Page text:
Chechnya All Stars help launch stadium
A team of former international footballers has played a controversial match in Grozny, the capital of the Russian republic of Chechnya.
The event was staged for the opening of the city's new 30,000-seater stadium.
But campaigners say the footballers were being used for propaganda by Chechnya's President Ramzan Kadyrov.
The roads leading to the new stadium were all blocked with huge, armoured trucks.
Troops manned checkpoints and those people allowed through on foot walked past more soldiers every 50 metres.
All day we watched heavily-armed convoys driving through the city.
The entertainment started with singers and local dance troupes. A fireworks display followed, accompanied by the anthem used by the European Champions League.
The choice of music was a sign that the local club Terek Grozny, currently playing in Russia's Premier League, has European ambitions.
Then came the match.
Diego Maradona led out the All Stars team, which included Luis Figo, Fabien Barthez and two former England and Liverpool players Steve McManaman and Robbie Fowler.
The home team - under the name Kavkaz - included the president himself playing as striker, and the Russian president's envoy to the Caucasus, Alexander Khloponin, was in goal.
Perhaps unsurprisingly, the All Stars defence allowed President Kadyrov to score a hat-trick, and his side emerged victorious, winning 5-2.
The build-up to the match included propaganda films being shown to the crowd which filled the stadium. Human rights groups who are critical of the president say the footballers were being used by him.
But Robbie Fowler told the BBC that they were there for one reason only, that of the glorious game.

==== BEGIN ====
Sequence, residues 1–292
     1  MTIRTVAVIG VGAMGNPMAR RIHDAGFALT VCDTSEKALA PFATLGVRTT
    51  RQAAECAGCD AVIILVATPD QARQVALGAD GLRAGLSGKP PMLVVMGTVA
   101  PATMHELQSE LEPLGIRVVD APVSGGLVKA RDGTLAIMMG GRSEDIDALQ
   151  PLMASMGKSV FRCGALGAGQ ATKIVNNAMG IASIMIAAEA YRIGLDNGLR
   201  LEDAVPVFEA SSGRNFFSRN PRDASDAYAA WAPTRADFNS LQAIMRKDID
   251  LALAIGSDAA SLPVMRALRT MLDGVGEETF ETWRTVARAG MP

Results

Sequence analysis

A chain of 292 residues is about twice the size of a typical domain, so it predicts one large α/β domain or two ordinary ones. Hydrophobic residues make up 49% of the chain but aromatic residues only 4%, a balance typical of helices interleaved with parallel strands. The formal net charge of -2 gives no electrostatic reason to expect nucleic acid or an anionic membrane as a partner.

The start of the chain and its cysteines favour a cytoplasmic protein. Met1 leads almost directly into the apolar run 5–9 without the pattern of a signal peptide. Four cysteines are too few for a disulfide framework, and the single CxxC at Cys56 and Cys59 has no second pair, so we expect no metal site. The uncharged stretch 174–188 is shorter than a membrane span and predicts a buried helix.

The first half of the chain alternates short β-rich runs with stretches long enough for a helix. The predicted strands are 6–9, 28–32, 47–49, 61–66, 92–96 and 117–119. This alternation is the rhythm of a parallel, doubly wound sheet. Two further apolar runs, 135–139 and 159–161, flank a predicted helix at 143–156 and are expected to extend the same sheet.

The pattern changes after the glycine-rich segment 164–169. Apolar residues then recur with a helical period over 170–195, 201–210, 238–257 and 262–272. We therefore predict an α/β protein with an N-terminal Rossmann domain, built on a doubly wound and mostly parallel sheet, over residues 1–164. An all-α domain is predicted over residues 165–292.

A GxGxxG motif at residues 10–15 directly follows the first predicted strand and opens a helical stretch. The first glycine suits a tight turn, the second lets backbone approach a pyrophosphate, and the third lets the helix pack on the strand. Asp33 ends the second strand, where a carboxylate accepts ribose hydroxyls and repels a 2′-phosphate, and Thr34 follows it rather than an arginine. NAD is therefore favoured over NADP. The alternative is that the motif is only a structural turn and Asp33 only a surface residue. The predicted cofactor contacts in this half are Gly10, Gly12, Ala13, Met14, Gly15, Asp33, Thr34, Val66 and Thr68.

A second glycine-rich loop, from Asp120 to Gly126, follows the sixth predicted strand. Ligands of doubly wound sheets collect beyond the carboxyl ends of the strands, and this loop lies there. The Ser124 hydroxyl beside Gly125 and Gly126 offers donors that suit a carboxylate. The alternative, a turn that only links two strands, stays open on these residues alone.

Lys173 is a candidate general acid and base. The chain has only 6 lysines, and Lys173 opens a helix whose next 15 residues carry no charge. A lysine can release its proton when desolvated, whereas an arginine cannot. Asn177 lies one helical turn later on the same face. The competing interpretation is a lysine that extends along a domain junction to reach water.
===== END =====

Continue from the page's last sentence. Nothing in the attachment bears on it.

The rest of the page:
He said: "Politics aside, we are not here for that. We are here to play football, solely football."
This sentiment was shared by his good friend and former Liverpool team-mate Steve McManaman who said that the game was "not a piece of propanda for us".
He added: "There's many, many, many countries, isn't there, with various political problems? We are not here politically. We are just here to play football."
For Portuguese player Luis Figo it was about championing football internationally.
He said: "It's good because we promote football in different places, and that's the important thing. I think this a beautiful stadium and it is a pleasure to inaugurate it."
Mr Figo had met President Kadyrov earlier in the day.
Ramzan Kadyrov, who famously own lions and tigers, has been tasked by Russian Prime Minister Vladimir Putin with keeping Chechnya quiet.
He has largely succeeded, but campaigners say that while the reduction in violence is to be welcomed, the unsolved disappearances and deaths of human rights activists and journalists should not be the price for peace.
Chechnya is certainly a unique part of the Russian Federation, with the air of a dictatorship, rather than a republic in a new democracy.
Hundreds of posters of Ramzan Kadyrov adorn the capital. One reads: "Sport is our Power, Victory is our aim."
His father Akhmad Kadyrov switched sides between the two Chechen wars, helping Russia to win the second conflict. In revenge he was killed by a massive bomb at Grozny's old stadium in 2004. The new stadium has been named after him.
Such violence is very rare now in Chechnya, and the city - once infamous for being little more than rubble and shell-holes - has been almost entirely rebuilt.
It is an extraordinary achievement, though it is unclear where all the money came from for such an impressively quick recovery, or for the new stadium, or for the unknown fees paid to the team of fading football superstars who opened it.